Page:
Parkinson's disease (PD) is the second most common neurodegenerative disease. Pharmacotherapy with L-DOPA remains the gold-standard therapy for PD, but is often limited by the development of the common side effect of L-DOPA-induced dyskinesia (LID), which can become debilitating. The only effective treatment for disabling dyskinesia is surgical therapy (neuromodulation or lesioning), therefore effective pharmacological treatment of LID is a critical unmet need. Here, we show that sub-anesthetic doses of ketamine attenuate the development of LID in a rodent model, while also having acute anti-parkinsonian activity. The long-term anti-dyskinetic effect is mediated by brain-derived neurotrophic factor-release in the striatum, followed by activation of ERK1/2 and mTOR pathway signaling. This ultimately leads to morphological changes in dendritic spines on striatal medium spiny neurons that correlate with the behavioral effects, specifically a reduction in the density of mushroom spines, a dendritic spine phenotype that shows a high correlation with LID. These molecular and cellular changes match those occurring in hippocampus and cortex after effective sub-anesthetic ketamine treatment in preclinical models of depression, and point to common mechanisms underlying the therapeutic efficacy of ketamine for these two disorders. These preclinical mechanistic studies complement current ongoing clinical testing of sub-anesthetic ketamine for the treatment of LID by our group, and provide further evidence in support of repurposing ketamine to treat individuals with PD. Given its clinically proven therapeutic benefit for both treatment-resistant depression and several pain states, very common co-morbidities in PD, sub-anesthetic ketamine could provide multiple therapeutic benefits for PD in the future.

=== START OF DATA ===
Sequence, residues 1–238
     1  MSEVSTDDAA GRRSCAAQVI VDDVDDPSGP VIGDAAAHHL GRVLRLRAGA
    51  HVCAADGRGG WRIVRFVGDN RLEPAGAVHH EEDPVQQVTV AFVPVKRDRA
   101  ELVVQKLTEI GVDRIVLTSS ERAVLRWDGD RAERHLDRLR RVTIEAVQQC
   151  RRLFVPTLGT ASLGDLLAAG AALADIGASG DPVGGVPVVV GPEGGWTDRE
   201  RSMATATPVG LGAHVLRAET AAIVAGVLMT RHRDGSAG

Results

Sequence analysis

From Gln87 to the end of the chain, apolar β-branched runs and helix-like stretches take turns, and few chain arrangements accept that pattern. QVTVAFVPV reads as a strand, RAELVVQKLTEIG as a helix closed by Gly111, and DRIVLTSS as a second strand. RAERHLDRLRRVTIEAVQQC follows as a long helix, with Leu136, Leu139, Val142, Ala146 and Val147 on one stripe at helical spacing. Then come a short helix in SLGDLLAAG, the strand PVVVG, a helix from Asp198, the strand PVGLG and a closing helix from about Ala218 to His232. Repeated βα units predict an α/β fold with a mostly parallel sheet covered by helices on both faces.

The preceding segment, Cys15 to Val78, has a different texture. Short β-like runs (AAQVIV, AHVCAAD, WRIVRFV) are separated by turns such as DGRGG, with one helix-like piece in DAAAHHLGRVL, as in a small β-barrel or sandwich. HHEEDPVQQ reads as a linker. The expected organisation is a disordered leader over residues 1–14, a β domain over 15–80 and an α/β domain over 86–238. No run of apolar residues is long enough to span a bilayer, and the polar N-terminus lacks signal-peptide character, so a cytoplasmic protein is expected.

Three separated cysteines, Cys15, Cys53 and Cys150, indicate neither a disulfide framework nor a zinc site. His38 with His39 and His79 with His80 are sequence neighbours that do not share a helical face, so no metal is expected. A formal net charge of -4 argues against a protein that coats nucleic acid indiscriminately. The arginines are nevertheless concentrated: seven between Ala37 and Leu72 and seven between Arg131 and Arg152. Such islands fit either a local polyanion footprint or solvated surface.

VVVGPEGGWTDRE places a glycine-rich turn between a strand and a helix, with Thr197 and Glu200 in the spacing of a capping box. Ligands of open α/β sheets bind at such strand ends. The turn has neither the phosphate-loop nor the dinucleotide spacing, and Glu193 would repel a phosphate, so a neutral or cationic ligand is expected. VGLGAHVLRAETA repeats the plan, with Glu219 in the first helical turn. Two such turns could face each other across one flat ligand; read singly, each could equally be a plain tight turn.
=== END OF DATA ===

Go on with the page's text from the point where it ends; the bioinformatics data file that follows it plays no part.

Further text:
- Brain-derived neurotrophic factor
- Parkinson's disease
ASJC Scopus subject areas
- Developmental Neuroscience